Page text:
Now that the basics of safety have been covered it is time to stunt! There are three basic positions in stunts. Flyer (top person), base (bottom person), and spotters. Each play an important role in the stunt. Not one person has the best job.
The Base: Bases are the bottoms of stunts. This job is extremely important. The flyer needs to trust the bases she will be flying on. Without this trust, stunts will not fly to full capability. It is important that all bases understand the need for this trust. Here are some basic rules that bases should follow. 1) Lift up with legs and arms. Do not use the back. This will put a lot of strain on it. Make sure to have a nice line. The knees should be slightly bent, arms tucked close to the body, and the back straight. Do not lean towards the flyer, this will cause the use of the back.
2) When double base stunting stay close together. Although the flyers job is to suck in her legs, the bases need to help. When the flyer goes up and sucks in, the bases goal should be not to move. This means starting so you form a gap about shoulder width of the flyer . If the bases are too far apart the whole stunt will move during transition. This looks very sloppy.
3) Always be prepared to catch the flyer. Yes there are spotters who are supposed to do. However, three people catching is much better than just one catching. Even when a stunt always seems to hit, be
prepared. It only takes one fall for a serious accident to occur.
The Flyer: The flyer is the top person in stunts. Sounds like a lot of fun right? It can be, but it can also be scary and intimidating. A flyer needs to have a lot of confidence with herself and stunting partners. Here are some things flyers should remember.
1) Always stay tight. This is the first rule of flying. When going up or coming down stay tight! If scared, instead of getting flimsy and loose think scared stiff! This will make the flyer a lot safer, even if a stunt falls. The bases will have a solid body to catch.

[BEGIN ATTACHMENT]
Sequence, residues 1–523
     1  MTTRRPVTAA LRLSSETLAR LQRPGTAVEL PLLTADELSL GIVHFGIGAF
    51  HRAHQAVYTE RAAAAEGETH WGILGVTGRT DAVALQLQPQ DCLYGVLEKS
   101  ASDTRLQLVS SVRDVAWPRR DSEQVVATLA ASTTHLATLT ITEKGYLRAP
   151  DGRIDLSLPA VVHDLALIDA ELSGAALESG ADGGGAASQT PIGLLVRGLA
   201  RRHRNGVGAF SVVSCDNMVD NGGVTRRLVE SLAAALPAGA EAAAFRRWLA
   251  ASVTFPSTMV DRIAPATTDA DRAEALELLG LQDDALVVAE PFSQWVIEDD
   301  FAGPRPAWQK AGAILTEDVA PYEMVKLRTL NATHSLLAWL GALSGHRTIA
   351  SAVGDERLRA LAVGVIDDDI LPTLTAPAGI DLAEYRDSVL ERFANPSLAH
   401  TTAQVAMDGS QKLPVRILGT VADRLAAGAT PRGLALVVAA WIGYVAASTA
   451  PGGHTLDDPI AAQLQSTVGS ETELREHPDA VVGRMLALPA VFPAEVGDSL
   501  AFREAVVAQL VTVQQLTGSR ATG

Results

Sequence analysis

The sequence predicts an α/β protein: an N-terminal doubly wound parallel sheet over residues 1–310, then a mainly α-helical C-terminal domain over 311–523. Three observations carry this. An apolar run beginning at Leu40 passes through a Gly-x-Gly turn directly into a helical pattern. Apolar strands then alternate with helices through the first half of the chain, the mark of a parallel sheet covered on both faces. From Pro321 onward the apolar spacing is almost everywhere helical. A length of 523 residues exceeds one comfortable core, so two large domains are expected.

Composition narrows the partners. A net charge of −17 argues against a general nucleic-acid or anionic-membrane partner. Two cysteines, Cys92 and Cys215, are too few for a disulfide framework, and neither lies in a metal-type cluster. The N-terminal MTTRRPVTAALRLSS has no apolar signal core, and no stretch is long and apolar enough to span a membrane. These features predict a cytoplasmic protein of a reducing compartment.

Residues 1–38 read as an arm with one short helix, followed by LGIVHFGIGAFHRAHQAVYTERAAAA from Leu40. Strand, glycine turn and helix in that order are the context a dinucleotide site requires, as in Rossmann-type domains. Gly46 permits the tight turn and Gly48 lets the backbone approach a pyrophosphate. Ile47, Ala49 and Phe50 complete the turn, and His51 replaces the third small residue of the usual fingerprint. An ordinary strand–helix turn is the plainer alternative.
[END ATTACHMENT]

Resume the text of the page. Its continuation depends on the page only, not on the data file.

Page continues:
2) Use your arms. Many flyers tend to drop themselves into their bases arms. They expect the bases to do all the work. The best flyers are able to hold all of their weight. Try doing push-ups, and lifting light weights to improve your arms strength. To test if a flyer can hold her own weight do the following drill. With a pair of bases, have them stand shoulder width apart of the flyer. Jump up as with the same technique a used for extensions. However, stop when the feet are over the bases hands. The flyer should be able to hold herself up for at least 10-15 seconds.
3) Suck up and in. When flying, it is important have to stay tight and suck the body in and up. This means, when going up in a stunt, raise up through the shoulders helping the bases. Also, suck the legs together. This well help from pushing the bases outward.
4) Once you are up in the stunt show spirit. Do the best job possible get the crowd involved. Eye contact and smiling will help lure them in. Also, remember to keep motions sharp, as if they are being done on the ground
The Spotter: Spotters have a huge part in stunting. The spotters need to help brace the bases, catch the flyer if falling, and help sturdy the stunt in any way possible. The spotter needs to know how to help save things. In order to accomplish this the spotter must be aware of what is happening at all times. Being a spotter is a difficult position.There is very little time to think. Here are some tips if you are the spotter.
1) Do not be afraid to catch. Remember that the flyer needs to trust the spotter Spotters need to catch flyers every time a stunt comes down. It is not possible to be afraid of getting hurt over the flyer. Here is a simple rule to follow. The spotter always hit the ground before the flyer.
2) Always look up, during transition stunts this becomes a little more difficult. There are times when checking a grip is important. As a basic rule, do not take the eyes off of the flyer. This will give the ability to see if the flyer is falling at all times.
3) Keep hands on the flyer whenever possible. This constant contact will help brace the stunt, and give the flyer a sense of security.
3) When a stunt is falling try to catch the head and neck first. Scooping under the arms is usually a great way to do this. By protecting the head and neck, the spotter is decreasing the chance of a permanent injury to the flyer.
Extra Group work is very important when stunting. Remember stunting is a team effort. Not everyone can fly, base, or spot. The coach will decided who he/she feels is best for each position in each stunt. Take the task given and soar with it!